I am writing to express my disgust at Leeds City Councils proposal to support Go Ape being allowed in operate in Temple Newsam Park.

The park is for the benefit of the public, not the council and allowing it to go ahead would be a dereliction of their responsibility.

Daniel Gaunt’s letter (YEP, April 7) summed it up perfectly. The only people benefiting would be the company that runs it. If it is not stopped how long before they come back and say they want to extend it and make it bigger to make more profit for them not for the benefit of the people of Leeds.

I urge all residents to fight this proposal and the council should hang their heads in shame.

Don’t blame the schools

Margaret Boyes, by email

I am sick and tired of hearing parents complaining about not being able to take their child out of school for holidays.

It is not the schools they should be complaining about because they know the rules from the start. Complain to the travel companies or a better idea, buy some camping equipment and go out into our glorious countryside, you do not have to go abroad all the time.

Review council tax charges

Ernest Lundy, by email

Council tax bills will be dropping through the letter box any time.

Some people may already have them. To pay them will take a considerable amount of some people’s yearly income; especially if they are OAPs with little or no other income.

We all appreciate that we need to pay for the services we obtain in return, but surely the amount a person living alone (75 per cent) has to pay is out of balance. When one partner has passed away, where previously two people were sharing, those services have been reduced by half or 50 per cent. In comparison with those households where two or even more incomes are coming in, a 75 per cent charge for those living alone is totally out of parity. And if saving needs to be used to pay their way, those with above a specified amount obtain no help. Time for the government to review council tax charges.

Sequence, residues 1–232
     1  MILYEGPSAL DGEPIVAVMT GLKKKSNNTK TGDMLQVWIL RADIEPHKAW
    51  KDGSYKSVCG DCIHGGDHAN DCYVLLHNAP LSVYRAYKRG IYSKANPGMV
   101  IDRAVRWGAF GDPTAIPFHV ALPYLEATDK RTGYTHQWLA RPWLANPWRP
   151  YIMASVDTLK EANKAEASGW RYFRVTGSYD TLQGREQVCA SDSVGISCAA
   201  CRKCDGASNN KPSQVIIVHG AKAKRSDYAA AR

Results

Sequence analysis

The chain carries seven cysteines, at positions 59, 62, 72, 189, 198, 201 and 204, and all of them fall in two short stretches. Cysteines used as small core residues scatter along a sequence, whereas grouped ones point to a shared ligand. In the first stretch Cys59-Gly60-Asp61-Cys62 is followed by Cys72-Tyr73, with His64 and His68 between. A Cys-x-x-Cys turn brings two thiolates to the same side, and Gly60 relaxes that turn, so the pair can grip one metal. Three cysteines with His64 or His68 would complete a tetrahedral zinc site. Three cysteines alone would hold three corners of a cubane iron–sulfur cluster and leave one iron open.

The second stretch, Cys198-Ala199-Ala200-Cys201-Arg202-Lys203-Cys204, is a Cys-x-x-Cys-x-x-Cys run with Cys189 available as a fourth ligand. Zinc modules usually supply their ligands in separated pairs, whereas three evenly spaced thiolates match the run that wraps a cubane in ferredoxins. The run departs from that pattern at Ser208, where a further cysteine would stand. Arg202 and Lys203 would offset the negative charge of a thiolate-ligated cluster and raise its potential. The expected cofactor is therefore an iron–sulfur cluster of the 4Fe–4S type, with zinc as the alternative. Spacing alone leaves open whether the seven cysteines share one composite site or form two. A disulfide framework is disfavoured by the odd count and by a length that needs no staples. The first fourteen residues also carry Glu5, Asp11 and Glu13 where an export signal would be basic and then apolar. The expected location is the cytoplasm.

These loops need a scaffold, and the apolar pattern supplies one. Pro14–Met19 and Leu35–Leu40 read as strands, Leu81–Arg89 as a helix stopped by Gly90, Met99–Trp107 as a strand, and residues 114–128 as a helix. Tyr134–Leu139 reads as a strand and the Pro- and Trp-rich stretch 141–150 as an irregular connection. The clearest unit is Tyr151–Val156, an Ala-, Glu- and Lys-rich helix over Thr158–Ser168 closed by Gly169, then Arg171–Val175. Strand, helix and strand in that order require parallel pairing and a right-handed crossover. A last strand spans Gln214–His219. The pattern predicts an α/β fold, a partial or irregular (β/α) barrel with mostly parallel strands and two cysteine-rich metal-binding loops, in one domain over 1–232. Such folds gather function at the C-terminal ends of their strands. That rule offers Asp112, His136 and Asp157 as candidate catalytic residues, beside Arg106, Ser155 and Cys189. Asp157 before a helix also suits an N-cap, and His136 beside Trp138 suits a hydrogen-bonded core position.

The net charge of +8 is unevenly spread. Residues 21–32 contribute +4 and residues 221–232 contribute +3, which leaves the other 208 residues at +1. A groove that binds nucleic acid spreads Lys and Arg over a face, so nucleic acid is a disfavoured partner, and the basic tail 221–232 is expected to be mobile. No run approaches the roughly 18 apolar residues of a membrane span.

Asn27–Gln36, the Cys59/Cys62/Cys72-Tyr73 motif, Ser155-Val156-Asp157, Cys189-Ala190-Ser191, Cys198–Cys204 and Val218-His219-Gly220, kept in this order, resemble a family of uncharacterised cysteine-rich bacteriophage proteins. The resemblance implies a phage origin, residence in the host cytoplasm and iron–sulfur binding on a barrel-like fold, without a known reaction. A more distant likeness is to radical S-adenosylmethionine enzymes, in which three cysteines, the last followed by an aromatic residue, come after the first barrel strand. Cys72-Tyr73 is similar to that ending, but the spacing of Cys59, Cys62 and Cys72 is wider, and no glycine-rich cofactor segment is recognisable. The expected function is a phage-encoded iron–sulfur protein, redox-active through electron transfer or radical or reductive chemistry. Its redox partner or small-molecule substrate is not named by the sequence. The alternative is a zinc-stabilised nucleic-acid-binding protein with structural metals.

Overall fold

Every day exercise plan

Sally Martin, by email

According to a recent survey from Arthritis Research UK, half of people who have or have had joint pain avoid doing exercise.

The joint pain puts them off. As a person who has lived with joint pain for some while, I find this worrying.

I used to be a keen runner but, after developing joint pain in my wrists, feet and lower back, I had to give this up as the pain became too much. But I was determined to stay active.

I now regularly attend spinning classes - which has even inspired me to learn to ride a bike for the first time. I also attend pilates classes, which I think helps build strength plus I walk the family dog, Dizzy. I feel like exercise has helped me with my pain levels and if I don’t exercise I do feel quite a bit stiffer.

This makes sense, as research shows that regular safe, simple and effective exercise can reduce pain and stiffness in joints.

Learn from my experience and keep up the exercise! If you’re not sure where to start, try out this programme of exercise that Arthritis Research UK has just developed.

It includes short, easy to follow one minute exercise videos that have been specially designed by experts for people with joint pain:

Joint pain is not a niche condition. Millions of people in the UK are living with it today. But there are ways we can take control of it, and exercise is a great way to do that.

Let us know what you think

THE Yorkshire Evening Post wants you to share your views with other readers.

Whether you’re commenting on a local topic, a national story or international affairs,join the debate.

Email and please keep letters under 300 words.